In the quest for growth and the Millennial pound, could the emoji become a persuasive tool for the life insurance marketer?
For some, looking in from outside, the insurance industry can seem archaic, like an ageing rocker cranking out old hits to the arthritic faithful, leaving the raging youth cold and unmoved.
Granted, there’s value in history and important lessons to be learned from the strategic and tactical nous of ancient Athens, Carthage and Rome, but our future depends on adapting to a world in which a tablet is for communication, not commandments.
The challenge before us remains: how to persuade a younger demographic of the value of a product which offers the long-term promise of an intangible reward?
The 21st century challenge
Thankfully, most of us inside the machine have a very real understanding and appreciation of the contemporary world, as the 21st century spurs us on to ever greater achievements. And yet – despite the adoption of digital ways, of SMS and omnichannel marketing, of products redefined for a new era, it can seem that our message falls on deaf ears.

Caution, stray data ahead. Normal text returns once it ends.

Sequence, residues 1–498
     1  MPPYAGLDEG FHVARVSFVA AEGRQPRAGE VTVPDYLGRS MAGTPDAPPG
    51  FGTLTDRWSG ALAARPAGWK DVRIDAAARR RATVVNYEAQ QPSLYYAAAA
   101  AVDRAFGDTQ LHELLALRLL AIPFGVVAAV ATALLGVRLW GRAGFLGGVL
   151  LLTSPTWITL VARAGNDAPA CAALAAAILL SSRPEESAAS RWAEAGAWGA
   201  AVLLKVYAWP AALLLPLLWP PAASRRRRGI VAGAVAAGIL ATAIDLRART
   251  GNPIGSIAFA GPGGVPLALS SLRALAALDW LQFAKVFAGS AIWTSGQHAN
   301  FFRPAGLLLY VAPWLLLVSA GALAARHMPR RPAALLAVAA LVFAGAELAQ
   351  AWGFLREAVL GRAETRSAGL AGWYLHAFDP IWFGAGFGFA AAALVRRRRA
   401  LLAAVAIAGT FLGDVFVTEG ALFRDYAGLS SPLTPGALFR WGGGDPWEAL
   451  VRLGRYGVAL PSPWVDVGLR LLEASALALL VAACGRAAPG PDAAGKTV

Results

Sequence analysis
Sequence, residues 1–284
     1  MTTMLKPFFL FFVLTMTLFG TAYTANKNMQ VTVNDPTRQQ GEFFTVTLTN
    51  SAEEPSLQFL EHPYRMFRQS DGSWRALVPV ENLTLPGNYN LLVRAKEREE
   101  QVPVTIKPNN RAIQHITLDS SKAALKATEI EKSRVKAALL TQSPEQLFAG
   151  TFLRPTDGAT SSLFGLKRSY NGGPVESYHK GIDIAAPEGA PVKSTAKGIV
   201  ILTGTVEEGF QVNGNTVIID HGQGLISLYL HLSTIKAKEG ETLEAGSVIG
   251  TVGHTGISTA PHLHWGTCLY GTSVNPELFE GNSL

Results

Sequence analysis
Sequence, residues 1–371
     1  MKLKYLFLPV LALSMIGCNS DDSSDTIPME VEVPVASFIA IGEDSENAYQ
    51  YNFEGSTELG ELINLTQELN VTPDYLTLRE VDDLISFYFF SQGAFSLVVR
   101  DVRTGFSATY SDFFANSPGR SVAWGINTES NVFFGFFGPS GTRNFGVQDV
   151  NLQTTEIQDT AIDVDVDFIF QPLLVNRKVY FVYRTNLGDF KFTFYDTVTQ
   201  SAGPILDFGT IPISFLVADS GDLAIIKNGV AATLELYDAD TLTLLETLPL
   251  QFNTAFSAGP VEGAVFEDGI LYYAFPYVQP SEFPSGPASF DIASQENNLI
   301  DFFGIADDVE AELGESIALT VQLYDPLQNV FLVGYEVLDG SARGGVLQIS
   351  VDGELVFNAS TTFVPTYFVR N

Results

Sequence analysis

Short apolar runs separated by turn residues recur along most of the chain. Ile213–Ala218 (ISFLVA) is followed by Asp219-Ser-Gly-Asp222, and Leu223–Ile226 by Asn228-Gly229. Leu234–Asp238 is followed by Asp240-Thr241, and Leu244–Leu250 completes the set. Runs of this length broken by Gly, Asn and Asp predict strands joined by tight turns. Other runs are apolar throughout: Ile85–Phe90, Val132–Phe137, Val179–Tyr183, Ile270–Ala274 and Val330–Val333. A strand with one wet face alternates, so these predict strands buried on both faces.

The challenge before us remains: how to persuade a younger demographic (who prize instant gratification above all else) of the value of a product which, by definition, offers the long-term promise of an intangible reward? How do you engage those for whom easy gratification and wordless communication are the norm? How do you reach those for whom reading is akin to an alien concept?
Getting down with the kids
Perhaps it’s time to consider the very language we use. Rather, the language they use. In which case, the engaging insurance newsletter The Skinnie offers food for thought. As this life-insurance-explained infographic demonstrates, if it’s time to get down with the kids, it’s time to use emoji to speak their language.
A little far-fetched, no doubt. But, futurum est. In the quest for sustainable growth amongst a younger demographic, finding an effective way to market and sell life insurance requires radical thought. As Hannibal is reputed to have declared: aut viam inveniam aut faciam.